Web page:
How to Turn Used Cooking Oil into Biodiesel Fuel

How to Turn Used Cooking Oil into Biodiesel Fuel

How to Turn Used Cooking Oil into Biodiesel Fuel


Converting used cooking oil into biodiesel fuel is an excellent way to recycle waste oil and produce your own renewable fuel for diesel vehicles and equipment. Biodiesel is an eco-friendly and low-emission alternative to regular petroleum diesel that can be made through a chemical process called transesterification. With some simple equipment and ingredients, I was able to make high-quality biodiesel fuel at home. In this guide, I will share the step-by-step process I followed to turn used cooking oil into usable biodiesel.

Gathering Used Cooking Oil

The first step is collecting a sufficient quantity of waste vegetable oil (WVO). Good potential sources include:

  • Restaurants and commercial kitchens
  • Fast food establishments
  • Food processing plants
  • Donut shops
  • Catering services

I called around to restaurants in my area and found several willing to save their used fryer oil for me to pick up. Establishing relationships with restaurant owners is key, as biodiesel production requires a steady supply of waste oil. Most restaurants are happy to give away used oil instead of paying to dispose of it.

I collected the waste oil in 5-gallon plastic jugs and transported it home to start processing. Any food particles in the oil will need to be filtered out before moving onto the next steps.

Required Materials and Equipment

Producing biodiesel requires some specific materials and equipment:

  • Methanol: Also called methyl alcohol, this serves as the processing alcohol to chemically react with the triglycerides in the waste vegetable oil.

  • Lye: Also known as sodium hydroxide (NaOH). This catalyst starts the transesterification reaction.

  • Titration kit: Used to determine the precise acid level of waste oil samples. This helps calculate the exact amount of lye needed.

  • Conical flask: For mixing the methanol/lye reactant.

  • Electric mixer: To blend the oil and methanol/lye reactant together.

  • Separation funnel: Lets the biodiesel separate from the glycerin byproduct after processing.

  • Storage containers: For holding the finished biodiesel fuel. 55-gallon metal drums work well.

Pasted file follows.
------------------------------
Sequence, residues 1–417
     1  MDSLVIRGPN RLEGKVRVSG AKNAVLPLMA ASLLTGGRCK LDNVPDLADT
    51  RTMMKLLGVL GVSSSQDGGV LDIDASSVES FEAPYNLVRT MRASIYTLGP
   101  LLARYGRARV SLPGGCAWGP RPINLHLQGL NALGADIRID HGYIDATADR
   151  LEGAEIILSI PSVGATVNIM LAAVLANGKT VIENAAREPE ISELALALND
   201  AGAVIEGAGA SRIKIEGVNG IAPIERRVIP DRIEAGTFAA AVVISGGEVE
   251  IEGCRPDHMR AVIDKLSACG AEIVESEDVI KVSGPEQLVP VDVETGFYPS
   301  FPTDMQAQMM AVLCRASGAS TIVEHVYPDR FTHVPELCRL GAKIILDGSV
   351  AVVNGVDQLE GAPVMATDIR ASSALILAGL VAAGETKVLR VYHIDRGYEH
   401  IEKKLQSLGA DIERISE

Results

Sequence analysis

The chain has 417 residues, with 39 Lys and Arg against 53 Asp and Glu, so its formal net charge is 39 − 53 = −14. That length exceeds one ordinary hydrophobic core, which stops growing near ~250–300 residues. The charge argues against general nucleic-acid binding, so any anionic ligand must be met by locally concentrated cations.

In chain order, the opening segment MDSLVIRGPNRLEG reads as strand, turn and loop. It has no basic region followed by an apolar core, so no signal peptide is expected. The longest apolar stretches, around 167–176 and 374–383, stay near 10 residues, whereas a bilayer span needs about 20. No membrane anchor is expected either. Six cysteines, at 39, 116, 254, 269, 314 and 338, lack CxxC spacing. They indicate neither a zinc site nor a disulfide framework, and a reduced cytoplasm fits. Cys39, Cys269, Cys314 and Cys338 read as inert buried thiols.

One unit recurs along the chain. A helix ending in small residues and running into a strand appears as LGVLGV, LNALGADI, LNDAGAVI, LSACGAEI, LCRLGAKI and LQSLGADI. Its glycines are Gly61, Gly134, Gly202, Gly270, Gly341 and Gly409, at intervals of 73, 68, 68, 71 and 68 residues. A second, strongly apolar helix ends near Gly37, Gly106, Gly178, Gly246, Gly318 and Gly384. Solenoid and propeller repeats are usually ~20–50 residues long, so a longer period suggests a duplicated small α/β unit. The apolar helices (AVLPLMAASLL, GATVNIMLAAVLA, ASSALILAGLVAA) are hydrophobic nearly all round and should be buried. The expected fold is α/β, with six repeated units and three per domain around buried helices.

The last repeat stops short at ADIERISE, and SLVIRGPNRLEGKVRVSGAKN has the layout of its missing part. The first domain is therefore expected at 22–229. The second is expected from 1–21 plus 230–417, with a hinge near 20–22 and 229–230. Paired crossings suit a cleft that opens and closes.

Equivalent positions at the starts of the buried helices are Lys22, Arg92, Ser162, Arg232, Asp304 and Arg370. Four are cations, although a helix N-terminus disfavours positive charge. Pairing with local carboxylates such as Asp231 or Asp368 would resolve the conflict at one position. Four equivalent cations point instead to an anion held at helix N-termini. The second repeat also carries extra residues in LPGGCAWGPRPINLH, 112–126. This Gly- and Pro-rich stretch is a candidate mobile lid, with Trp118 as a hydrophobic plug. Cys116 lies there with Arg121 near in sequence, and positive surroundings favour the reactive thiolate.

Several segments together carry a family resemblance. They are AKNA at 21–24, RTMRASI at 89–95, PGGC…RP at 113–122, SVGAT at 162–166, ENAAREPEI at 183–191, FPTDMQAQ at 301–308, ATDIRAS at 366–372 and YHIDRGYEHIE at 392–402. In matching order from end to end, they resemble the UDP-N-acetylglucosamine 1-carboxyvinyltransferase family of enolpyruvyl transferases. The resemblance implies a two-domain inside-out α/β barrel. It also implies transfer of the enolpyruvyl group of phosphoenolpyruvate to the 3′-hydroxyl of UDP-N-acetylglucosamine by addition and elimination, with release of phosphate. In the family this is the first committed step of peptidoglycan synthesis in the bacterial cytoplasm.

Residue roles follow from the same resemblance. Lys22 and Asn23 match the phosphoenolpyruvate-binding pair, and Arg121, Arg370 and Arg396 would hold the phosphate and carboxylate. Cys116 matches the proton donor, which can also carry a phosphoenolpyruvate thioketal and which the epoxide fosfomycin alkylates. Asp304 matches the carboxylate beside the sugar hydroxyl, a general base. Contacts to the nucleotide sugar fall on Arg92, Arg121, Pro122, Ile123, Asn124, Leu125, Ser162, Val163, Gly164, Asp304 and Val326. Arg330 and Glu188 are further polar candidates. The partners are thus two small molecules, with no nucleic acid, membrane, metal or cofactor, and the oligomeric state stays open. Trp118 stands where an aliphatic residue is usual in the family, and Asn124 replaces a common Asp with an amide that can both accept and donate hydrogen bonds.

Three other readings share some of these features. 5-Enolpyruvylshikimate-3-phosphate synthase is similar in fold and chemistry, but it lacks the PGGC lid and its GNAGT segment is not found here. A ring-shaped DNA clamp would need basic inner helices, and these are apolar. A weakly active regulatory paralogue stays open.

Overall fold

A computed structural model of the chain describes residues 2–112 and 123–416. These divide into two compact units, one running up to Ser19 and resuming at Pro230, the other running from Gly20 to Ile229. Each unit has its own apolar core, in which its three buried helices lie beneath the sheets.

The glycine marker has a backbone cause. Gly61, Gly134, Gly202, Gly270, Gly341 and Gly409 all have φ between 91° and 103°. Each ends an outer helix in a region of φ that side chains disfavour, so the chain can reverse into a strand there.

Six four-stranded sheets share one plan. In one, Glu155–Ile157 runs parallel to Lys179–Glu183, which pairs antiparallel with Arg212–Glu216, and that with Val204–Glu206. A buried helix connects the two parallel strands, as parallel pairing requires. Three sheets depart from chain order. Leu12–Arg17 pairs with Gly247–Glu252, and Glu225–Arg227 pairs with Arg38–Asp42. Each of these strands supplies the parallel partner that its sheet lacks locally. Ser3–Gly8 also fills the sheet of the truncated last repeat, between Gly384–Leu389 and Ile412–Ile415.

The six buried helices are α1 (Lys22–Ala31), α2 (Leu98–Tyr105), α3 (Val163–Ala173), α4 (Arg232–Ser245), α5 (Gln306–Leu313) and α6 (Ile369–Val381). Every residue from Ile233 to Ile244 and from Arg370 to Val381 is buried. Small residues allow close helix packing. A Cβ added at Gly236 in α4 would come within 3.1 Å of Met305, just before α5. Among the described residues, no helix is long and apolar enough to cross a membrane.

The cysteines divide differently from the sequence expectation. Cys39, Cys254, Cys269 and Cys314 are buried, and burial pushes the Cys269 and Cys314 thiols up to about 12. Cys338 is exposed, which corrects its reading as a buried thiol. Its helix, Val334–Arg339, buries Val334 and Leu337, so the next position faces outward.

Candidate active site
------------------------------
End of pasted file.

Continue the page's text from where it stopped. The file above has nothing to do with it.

Safety gear like goggles, gloves, and a mask are also essential when handling methanol and lye, which can cause burns.

Step 1: Titrate the Waste Oil

The first step is to take a sample of the collected waste oil and titrate it using the titration kit. This determines the precise acid number of the oil, measured in mg KOH/g. Oils with higher acidity require more lye to properly react.

To titrate:

  • Add oil sample to solvent in titration kit
  • Add phenolphthalein indicator and titrant
  • Titrate while swirling until color changes
  • Use formula to calculate acid number

Knowing the acid value then lets you calculate exactly how much catalyst is required.

Step 2: Make the Methanol/Lye Mixture

Next, I prepared the methanol/lye reactant mixture that gets combined with the waste oil. This requires:**

  • 1 liter methanol per 1 liter oil
  • 22 grams lye per 1 liter oil
  • Adjust lye amount based on titration results

I carefully measured out the methanol and lye in a fume hood while wearing protective equipment. The lye was added slowly while mixing to fully dissolve. The mixture was then allowed to cool to avoid evaporating the methanol.

Step 3: Combine and Mix the Oil and Reactant

With safety gear on, I gradually combined the waste oil and methanol/lye reactant in a large mixing container. It’s crucial to mix thoroughly for at least 15-20 minutes to complete the transesterification reaction. The mixture begins warm and opaque, then cools and clears as the reaction finishes.

I used an electric mixer with high shear ability to fully incorporate the two liquids together. Mixing well is vital so be patient and mix for a full 20 minutes minimum. Poor mixing can result in reduced yields.

Step 4: Settle and Separate the Biodiesel

After mixing and reacting, the mixture is allowed to settle overnight. The biodiesel portion separates from the denser glycerin byproduct.

I let mine sit for 24 hours to fully separate, then drained off the glycerin from the bottom of the container. Be sure to avoid cross-contamination when drawing off the glycerin.

The glycerin byproduct contains leftover alcohol, catalyst, and soaps. It requires further processing before disposal or reuse.

Step 5: Wash and Dry the Biodiesel

With the glycerin removed, the last step is to purify the biodiesel through a series of wash and dry cycles. This involves:

  • Washing with soft water to remove residual soaps
  • Allowing to settle and drying any water
  • Repeating wash cycle 2-3 times

I washed the biodiesel in 5-gallon batches using a soft water hose, settling container, and pump. Three full wash cycles produced a high purity finished fuel ready for storage and use.

Storing and Using Homemade Biodiesel

After drying, I transferred my homemade biodiesel to 55-gallon metal drums for storage. The fuel can keep for 6 months or more when properly stored. Over time, it may require periodic reprocessing to maintain purity.

The finished biodiesel has properties similar to conventional petroleum diesel. It can be used to fuel any diesel engine vehicle, generator, or heating system. Always start with blended fuel until confirming the engine can handle pure biodiesel.

By recycling waste oil from restaurants, I was able to produce clean-burning biodiesel fuel to power my diesel truck. Converting cooking oil into biodiesel takes time and effort, but nets fuel savings and environmental benefits.